Figure 17 shows a comparison of the maximum absolute surface soil settlement envelope. Figure 18 shows the deformed tunnel shape (magnified 50 times) plotted at the time step of maximum dynamic thrust. F is shown to influence both the surface settlement distribution and the peak settlement. It is interesting that slight heaving patterns at the surface are observed in rigid tunnels (F < 1), whereas flexible tunnels (F > 1) exhibited settlement at the center of the roof slab. The surface settlement was closely related to the tunnel deformation shape. For stiff tunnels, convex deformation in the floor slab was observed, whereas the roof slab shape was not greatly altered. This is likely to have caused the tunnel to move upward, resulting in heaving at the surface. For flexible tunnels (F > 1), both the floor and roof slabs underwent convex bending, causing heaving at the floor and settlement at the roof. For highly flexible tunnels, the settlement can exceed 40 mm. It should be noted that the calculated settlement is likely to be influenced by the constitutive model. Although the EQL approach has been shown to provide reliable estimates of the shear deformation, the accuracy of the settlement prediction has not yet been validated. Further studies are warranted to investigate the sensitivity of the constitutive model on the predicted settlement and whether the EQL analysis can be used to estimate the settlement. Therefore, the surface deformation calculations should only be used as a qualitative evaluation.

The peak shear stress around the tunnel lining is shown in Figure 19. As expected, flexible tunnels induced higher stress than the stiff tunnels. The maximum shear stresses developed at the corners of the tunnel perimeter. Sharp increments in the shear stresses were observed for the flexible tunnel subjected to Loma Prieta and Nahanni motions.

6. Conclusions

A series of EQL dynamic analyses were performed to evaluate the seismic response of cut-and-cover rectangular tunnels. The numerical model was validated against the measurements from the centrifuge experiment. The comparisons showed that both the measured free-field and tunnel acceleration response spectra fit favourably with numerical simulation. A series of numerical analyses were performed to investigate the influence of F on the tunnel response. The conclusions derived from this study are the following:(1)F of the tunnel has pronounced influence on its acceleration.(2)F of the tunnel is positively correlated to R. The available NCHRP-611 F-R curve is demonstrated to be reliable for estimating tunnel deformation when average free-field effective strain-compatible shear modulus (Gm) computed from 1D site response analysis is used to calculate F.(3)None of the simplified earth pressure solutions for yielding walls or embedded box structure was shown to provide reliable estimate of the dynamic increment of thrust regardless of peak acceleration level and F. It is therefore recommended not to use the earth pressure equation in the design of underground tunnels.(4)F of the tunnel significantly influences the tunnel deformation pattern as well as surface settlement distribution. Stiff tunnels may experience heaving at the surface because of the convex bending of the floor slab, whereas the roof slab undergoes limited deformation. Flexible tunnels are shown to produce convex bending in both the floor and roof slabs. A significant level of surface settlement may occur at the surface for highly flexible box tunnels.(5)Increase in F causes a corresponding increase in the shear stress around the tunnel lining. Additionally, sharp peaks of shear stress can also develop at the corners for flexible tunnels.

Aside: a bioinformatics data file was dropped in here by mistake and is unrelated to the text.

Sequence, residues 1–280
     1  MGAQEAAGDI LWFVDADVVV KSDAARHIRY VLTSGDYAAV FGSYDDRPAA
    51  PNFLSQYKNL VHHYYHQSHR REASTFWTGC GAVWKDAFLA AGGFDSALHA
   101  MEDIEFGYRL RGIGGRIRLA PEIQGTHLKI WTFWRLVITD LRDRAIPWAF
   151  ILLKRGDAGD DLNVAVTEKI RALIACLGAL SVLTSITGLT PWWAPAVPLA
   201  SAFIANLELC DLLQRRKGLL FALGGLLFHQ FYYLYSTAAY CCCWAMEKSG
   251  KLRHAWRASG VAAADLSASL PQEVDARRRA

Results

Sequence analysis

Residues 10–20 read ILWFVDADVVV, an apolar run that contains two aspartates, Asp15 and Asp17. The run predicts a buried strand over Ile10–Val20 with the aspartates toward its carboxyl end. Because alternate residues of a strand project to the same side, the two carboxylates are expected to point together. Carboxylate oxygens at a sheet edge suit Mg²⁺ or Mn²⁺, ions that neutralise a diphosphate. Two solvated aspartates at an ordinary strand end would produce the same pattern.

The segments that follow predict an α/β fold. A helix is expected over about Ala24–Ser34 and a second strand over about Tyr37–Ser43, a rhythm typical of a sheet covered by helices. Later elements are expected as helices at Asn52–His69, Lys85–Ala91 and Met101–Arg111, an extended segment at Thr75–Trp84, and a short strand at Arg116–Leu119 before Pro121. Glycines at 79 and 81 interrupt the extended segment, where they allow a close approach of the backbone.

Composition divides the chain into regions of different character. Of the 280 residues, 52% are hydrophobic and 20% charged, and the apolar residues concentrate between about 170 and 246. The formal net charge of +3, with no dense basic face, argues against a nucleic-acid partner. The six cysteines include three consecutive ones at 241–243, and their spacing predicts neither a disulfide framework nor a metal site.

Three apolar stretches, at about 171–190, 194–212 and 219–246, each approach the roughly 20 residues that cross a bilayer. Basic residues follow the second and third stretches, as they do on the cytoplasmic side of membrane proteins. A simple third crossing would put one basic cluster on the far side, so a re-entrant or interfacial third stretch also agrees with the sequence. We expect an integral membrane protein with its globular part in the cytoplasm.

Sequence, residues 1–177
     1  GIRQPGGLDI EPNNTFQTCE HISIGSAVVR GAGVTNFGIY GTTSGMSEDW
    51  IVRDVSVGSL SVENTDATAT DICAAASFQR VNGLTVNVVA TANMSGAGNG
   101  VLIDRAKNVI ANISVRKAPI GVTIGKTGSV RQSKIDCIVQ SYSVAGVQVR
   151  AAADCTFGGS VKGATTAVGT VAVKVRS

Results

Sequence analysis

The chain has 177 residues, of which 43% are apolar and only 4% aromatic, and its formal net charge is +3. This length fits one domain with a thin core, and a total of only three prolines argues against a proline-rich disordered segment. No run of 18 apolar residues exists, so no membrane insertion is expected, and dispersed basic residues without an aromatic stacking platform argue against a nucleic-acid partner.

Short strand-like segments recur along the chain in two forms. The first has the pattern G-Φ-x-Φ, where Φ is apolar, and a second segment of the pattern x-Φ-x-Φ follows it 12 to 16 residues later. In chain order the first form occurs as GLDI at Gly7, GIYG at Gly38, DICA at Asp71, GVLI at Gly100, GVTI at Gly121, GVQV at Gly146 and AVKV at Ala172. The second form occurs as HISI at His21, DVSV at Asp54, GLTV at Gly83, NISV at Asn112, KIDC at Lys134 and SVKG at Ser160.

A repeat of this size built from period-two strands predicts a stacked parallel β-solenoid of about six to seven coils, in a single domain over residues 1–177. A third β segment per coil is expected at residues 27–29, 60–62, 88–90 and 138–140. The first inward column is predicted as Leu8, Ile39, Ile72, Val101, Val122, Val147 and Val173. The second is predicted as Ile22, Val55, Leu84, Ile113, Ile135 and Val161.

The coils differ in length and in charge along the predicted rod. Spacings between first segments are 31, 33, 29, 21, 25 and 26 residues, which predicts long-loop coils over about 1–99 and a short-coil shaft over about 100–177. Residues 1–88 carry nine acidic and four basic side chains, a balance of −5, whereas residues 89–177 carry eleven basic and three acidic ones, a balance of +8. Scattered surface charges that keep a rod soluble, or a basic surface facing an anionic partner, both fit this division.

F:Flexibility ratio
R:Racking ratio
EQL:Equivalent linear
NCHRP:National Cooperative Highway Research Program
2D:Two dimensional
CPE4R:Four-node plane strain element with reduced integration
B21:Two-node beam element
MPCs:Multipoint constraints
:Friction angle of soil
1D:One dimensional
K0:Horizontal at-rest earth pressure factor
PI:Plasticity index
f:Excitation frequency
MRDF:Modulus reduction and damping curve fitting procedure
Ia:Arias intensity
D5–95:Significant duration
TP:Predominant period
G/Gmax:Normalized shear modulus
D50:Particle diameter at 50% in the cumulative distribution
Cu:Uniformity coefficient
emin:Minimum void ratio
emax:Maximum void ratio
Gs:Specific gravity of soil
Dr:Relative density of soil
:Reference shear modulus of soil
Gmax:Small strain shear modulus of soil
:Atmospheric pressure
:Mean confining stress
:Soil shear wave velocity
:Numerical mesh size
λ:Wavelength of input ground motion
:Tunnel racking displacement
:Free-field racking displacement
PGA:Peak ground acceleration
RRS:Ratio of response spectra
Gm:Strain-dependent shear modulus
K:Racking stiffness of the tunnel
H:Height of the tunnel
W:Width of the tunnel
:Maximum free-field shear strain.

Data Availability

The measured data of Gillis [9] centrifuge was used to validate the numerical model and can be downloaded from the Design Safe website https://www.designsafe-ci.org (last accessed on 09-01-2019) [45]. The digital data of input ground motions used for parametric study can also be downloaded from NGA-WEST2 website https://ngawest2.berkeley.edu (last accessed on 09-01-2019).

Conflicts of Interest

The authors declare no conflicts of interest.


This research was supported by a grant (18SCIP-B146946-01) from the Construction Technology Research Program funded by Ministry of Land, Infrastructure and Transport of Korean Government.